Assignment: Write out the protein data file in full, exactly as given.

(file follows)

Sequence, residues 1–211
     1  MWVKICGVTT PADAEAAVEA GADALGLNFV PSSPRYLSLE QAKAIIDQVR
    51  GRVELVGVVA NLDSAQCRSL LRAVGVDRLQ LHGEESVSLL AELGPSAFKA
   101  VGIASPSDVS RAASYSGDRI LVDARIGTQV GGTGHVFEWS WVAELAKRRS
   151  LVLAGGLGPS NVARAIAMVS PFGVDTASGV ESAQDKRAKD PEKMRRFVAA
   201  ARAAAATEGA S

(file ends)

Sequence, residues 1–211
     1  MWVKICGVTT PADAEAAVEA GADALGLNFV PSSPRYLSLE QAKAIIDQVR
    51  GRVELVGVVA NLDSAQCRSL LRAVGVDRLQ LHGEESVSLL AELGPSAFKA
   101  VGIASPSDVS RAASYSGDRI LVDARIGTQV GGTGHVFEWS WVAELAKRRS
   151  LVLAGGLGPS NVARAIAMVS PFGVDTASGV ESAQDKRAKD PEKMRRFVAA
   201  ARAAAATEGA S